As for hydrological cycle disruptions [floods & droughts]:

    First, stop subsidizing fossil fuels
    Second, put a price on carbon
    Third, begin to reduce the human population
    And elsewhere on the mitigation front:

    Reduced Emissions from Deforestation and Degradation has somehow seemed chimeric:

    Consider transportation & GHG production:

    While in the endless quest for zero energy, sustainable buildings and practical codes:

    As for carbon sequestration:

    Large scale geo-engineering keeps popping up:

    What’s new in conservation?

    While on the adaptation front:

    Meanwhile in the journals:

    And other significant documents:

    As for miscellaneous science:

    In the science organizations:

    What’s new in models?

    Regarding James and Jules:

    Regarding Mann:

    Regarding Bolin:

    Meanwhile at the UN:

    And on the carbon trading front:

    On the international political front, tensions continue as the empire leans on Iran:

    South [& East] China Sea tension persists:

    Who’s teed off at the NSA this week?

    Negotiations over damming the Nile are not quite starting:

    • 2013/11/06: al Jazeera: Ethiopia: Egypt objections delaying dam panel
      Differences between two countries over panel’s composition persist, with Egypt fearing reduction of its water supply. Egyptian objections are delaying formation of a committee to implement expert recommendations on an Ethiopian dam project, Ethiopia’s water minister says. Egypt fears the 6,000 MW Grand Renaissance Dam, which will be Africa’s largest when completed in 2017, could diminish its water supply, At a one-day meeting in Khartoum, the water ministers of Egypt, Sudan and Ethiopia agreed to form the panel, Alemayehu Tegenu said on Tuesday. “But we didn’t agree about the composition of this committee,” he said. “We have differences with Egypt.”

    These ‘free trade’ treaties are a corporate wet-dream with anti-democratic dispute resolution mechanisms:

    As for miscellaneous international political happenings:

    Climate Change is a threat multiplier exacerbating existing conflicts in food, energy, water, race, resources, religion, ideology … etc.:

    The issue of the law and activism is playing out around the world:

    What are the activists up to?

    The move to divest from fossil fuel investments is growing slowly:

    Regarding Water Politics and Business; See also:

    Among the world’s religions:

    While in the UK:

    And in Europe:

    Meanwhile in Australia:

    Now we get to watch the suppository of wisdom destroy what little Australia has done to fight climate change:

    The carbon laws remain a matter of contention:

    After years of wrangling, the Murray Darling Basin Plan is in place, but the water management fights are far from finished:

    And in the Indian subcontinent:

    While in China:

    And in Japan:

    While elsewhere in Asia:

    And South America:

    In Canada, neocon PM Harper, aka The Blight, pushes petroleum while ignoring the climate and ecology:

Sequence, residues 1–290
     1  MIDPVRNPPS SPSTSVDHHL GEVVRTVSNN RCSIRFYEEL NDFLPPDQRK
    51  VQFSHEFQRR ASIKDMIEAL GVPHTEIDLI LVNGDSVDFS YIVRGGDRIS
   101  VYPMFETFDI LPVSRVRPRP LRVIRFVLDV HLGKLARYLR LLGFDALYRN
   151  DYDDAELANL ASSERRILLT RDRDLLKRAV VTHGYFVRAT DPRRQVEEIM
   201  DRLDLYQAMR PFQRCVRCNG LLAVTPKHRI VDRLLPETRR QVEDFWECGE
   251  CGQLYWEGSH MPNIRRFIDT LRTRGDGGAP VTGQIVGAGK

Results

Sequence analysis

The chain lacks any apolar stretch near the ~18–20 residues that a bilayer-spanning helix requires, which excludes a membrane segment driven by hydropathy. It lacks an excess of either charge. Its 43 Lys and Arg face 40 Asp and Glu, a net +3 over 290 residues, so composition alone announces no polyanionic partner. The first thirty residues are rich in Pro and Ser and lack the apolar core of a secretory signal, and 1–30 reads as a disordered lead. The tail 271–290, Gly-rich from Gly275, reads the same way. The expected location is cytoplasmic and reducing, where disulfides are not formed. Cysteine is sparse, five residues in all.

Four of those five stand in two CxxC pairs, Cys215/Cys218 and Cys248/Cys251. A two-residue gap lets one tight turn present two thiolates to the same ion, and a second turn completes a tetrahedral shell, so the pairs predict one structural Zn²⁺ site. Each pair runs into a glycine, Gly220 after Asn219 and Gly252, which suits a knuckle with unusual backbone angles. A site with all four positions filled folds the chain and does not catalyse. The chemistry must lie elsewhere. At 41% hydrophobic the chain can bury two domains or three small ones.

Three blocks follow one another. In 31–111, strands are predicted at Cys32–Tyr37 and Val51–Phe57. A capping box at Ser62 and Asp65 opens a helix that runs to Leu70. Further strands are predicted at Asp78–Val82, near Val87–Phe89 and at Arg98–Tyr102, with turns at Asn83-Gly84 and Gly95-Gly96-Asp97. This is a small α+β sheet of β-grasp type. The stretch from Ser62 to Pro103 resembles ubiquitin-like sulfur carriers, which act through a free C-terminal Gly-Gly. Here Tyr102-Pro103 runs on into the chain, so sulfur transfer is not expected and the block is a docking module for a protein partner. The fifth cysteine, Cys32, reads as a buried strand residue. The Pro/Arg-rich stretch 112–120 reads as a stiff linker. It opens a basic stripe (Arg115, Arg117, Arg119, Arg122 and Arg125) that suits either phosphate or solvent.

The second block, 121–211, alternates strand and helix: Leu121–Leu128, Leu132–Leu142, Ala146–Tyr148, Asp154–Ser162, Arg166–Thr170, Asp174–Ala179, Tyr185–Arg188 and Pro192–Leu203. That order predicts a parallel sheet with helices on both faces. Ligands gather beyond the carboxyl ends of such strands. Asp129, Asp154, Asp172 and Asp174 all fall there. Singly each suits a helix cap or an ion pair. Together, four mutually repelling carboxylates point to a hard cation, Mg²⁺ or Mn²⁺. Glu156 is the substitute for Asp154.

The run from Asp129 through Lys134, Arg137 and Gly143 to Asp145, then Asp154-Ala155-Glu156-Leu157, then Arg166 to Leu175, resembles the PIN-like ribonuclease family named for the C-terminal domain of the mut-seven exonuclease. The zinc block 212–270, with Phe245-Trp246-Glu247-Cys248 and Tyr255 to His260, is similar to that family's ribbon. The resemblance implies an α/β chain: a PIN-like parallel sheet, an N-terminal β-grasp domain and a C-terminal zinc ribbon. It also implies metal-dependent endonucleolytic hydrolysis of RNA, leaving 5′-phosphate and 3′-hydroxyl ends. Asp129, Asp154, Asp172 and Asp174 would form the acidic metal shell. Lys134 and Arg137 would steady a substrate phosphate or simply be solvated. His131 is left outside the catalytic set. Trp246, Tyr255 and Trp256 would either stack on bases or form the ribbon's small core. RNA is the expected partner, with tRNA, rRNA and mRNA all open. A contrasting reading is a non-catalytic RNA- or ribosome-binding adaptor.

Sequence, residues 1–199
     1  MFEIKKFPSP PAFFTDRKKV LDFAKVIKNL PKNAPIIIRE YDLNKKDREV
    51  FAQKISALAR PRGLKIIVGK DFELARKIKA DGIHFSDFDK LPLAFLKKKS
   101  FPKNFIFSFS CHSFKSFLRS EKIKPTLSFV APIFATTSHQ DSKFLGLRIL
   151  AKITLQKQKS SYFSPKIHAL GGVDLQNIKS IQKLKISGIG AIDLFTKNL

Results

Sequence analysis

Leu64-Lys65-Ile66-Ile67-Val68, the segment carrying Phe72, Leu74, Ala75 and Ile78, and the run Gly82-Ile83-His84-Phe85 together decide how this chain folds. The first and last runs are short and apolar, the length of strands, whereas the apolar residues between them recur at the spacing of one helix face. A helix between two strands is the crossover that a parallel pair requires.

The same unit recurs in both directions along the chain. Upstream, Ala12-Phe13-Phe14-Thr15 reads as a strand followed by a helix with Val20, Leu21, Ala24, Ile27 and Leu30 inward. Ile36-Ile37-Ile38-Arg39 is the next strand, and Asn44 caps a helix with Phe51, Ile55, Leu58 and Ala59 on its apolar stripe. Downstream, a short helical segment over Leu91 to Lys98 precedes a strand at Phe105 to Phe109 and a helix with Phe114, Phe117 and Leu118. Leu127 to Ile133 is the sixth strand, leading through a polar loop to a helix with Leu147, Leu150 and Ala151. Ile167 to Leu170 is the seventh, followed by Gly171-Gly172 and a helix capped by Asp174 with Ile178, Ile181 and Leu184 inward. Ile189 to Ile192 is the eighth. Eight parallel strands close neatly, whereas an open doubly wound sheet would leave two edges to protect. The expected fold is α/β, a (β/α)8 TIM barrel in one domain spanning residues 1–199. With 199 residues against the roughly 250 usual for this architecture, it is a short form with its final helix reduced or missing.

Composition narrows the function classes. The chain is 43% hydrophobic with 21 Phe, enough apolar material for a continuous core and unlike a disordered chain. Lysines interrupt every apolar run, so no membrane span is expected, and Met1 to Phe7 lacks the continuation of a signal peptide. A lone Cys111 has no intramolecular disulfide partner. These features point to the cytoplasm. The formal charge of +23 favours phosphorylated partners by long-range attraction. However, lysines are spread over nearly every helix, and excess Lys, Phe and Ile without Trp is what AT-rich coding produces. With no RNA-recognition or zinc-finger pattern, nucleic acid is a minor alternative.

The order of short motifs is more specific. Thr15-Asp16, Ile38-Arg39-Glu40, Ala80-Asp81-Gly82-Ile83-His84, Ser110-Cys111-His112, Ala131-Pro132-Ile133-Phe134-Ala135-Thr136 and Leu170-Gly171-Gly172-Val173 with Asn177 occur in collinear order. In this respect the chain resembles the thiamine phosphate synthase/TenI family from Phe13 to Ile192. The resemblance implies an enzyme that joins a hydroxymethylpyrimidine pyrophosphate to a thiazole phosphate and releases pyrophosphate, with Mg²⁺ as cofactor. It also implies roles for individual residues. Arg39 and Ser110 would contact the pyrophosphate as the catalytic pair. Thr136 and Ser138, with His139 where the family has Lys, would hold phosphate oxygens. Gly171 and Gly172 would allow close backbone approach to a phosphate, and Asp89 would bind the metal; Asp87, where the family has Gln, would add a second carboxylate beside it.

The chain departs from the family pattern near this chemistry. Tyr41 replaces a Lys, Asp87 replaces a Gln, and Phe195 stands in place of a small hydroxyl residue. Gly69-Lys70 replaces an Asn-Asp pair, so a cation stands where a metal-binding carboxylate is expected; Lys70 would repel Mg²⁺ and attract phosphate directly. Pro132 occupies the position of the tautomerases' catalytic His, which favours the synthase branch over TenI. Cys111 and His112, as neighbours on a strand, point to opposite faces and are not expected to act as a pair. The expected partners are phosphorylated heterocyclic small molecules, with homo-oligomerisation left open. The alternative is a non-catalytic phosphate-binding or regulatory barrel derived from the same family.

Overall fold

The Lac Mégantic tragedy drags on:

    The New Bruinswick fracking protestors aren’t going away:

    The Commissioner of the Environment delivered a bad news report this week:

    Further examples of mismanagement by the Harper gang:

    These billion dollar cats are zapping insurance companies. Expect rates to rise:

    • 2013/11/06: CBC: Intact Financial takes insurance losses from flooding
      Profit halved to $47M as flooding, hail and Lac-Mégantic lead to $201M in losses Canadian insurer Intact Financial Corp. has seen its latest quarterly profit cut nearly in half compared with a year ago as the insurer by losses due to major rain and hail storms in Quebec, Ontario and Alberta as well as the Lac-Mégantic tragedy. The company reported Wednesday a profit of $47 million, or 32 cents per share, down from $92 million, or 67 cents per share, a year ago.

    Looks like Trudeau’s pro-tarsands stance is drawing fire:

    Well, well … Christy Clark is finally showing her colours:

    Meanwhile in BC:

    Meanwhile in that Mechanical Mordor known as the tar sands:

    Also in Alberta:

    In Ontario, Wynne is struggling to establish herself. Energy still looms large:

    While in la Belle Province:

    In the Maritimes:

    As for miscellaneous Canadiana:

    And on the American political front:

    The BP disaster continues to twist US politics. See also:

    The Keystone XL wheel grinds slowly. And it grinds woe:

    The GOP War on Women continues. See also:

    The GOP are foolishly trying to direct research:

    There were a variety of state and local elections across the nation Tuesday:

    Now that he doesn’t need their vote any more, how will Obama treat liberals and their policy issues?

    The actions of the Obama administration are being watched closely:

    As for what is going on in Congress:

    What are the lobbyists pushing?

    The movement toward a long term ecologically viable economics is glacial:

    In nature, there is no garbage:

    IPAT [Impact = Population * Affluence * Technology] raised its head once again:

    Apocalypso anyone?

    How do the corporate media measure up?

    Here is something for your library:

    And for your film & video enjoyment:

    As for podcasts:

    Meanwhile among the ‘Sue the Bastards!’ contingent:

    It looks like this BP trial over the Gulf oil spill is going to take a long while:

    Developing a new energy infrastructure is a fundamental challenge of the current generation:

    What do you have in energy comparisons and transitions?

    Hey! Let’s contaminate the aquifers for thousands of years! It’ll be a fracking gas!

    On the coal front:

    On the gas and oil front:

    In the gas and oil corps:

    Regarding oil and the economy:

    And in pipeline news:

    Ships and boats and trains — How to tranport the stuff?

    A rush of American triumphalism pervades the energy independence PR campaign. Think it will last?

    Yes we have a peak oil sighting:

    Biofuel bickering abounds:

    The answer my friend…

    Meanwhile among the solar aficionados:

    The nuclear energy controversy continues:

    Like a mirage, the dream of a Hydrogen Economy shimmers on the horizon:

    More people are talking about the electrical grid:

    How are the utilities adjusting (or not)?

    And then there is the matter of efficiency & conservation:

    Automakers & lawyers, engineers & activists argue over the future of the car:

    As for Energy Storage:

    The reaction of business to climate change will be critical:

    Insurance and re-insurance companies are feeling the heat:

    Who’s fielding theFAQs?

    What do we have in other (weekly) lists?

    The carbon lobby are up to the usual:

    Meanwhile in the ‘clean coal’ saga:

  • 2013/11/04: TP:JR: Coal Mine Muck Spills, Dumping 264 Million Gallons Into Canadian Waterways

    So why is nothing getting done?

    As for climate miscellanea:

    And here are a couple of sites you may find interesting and/or useful: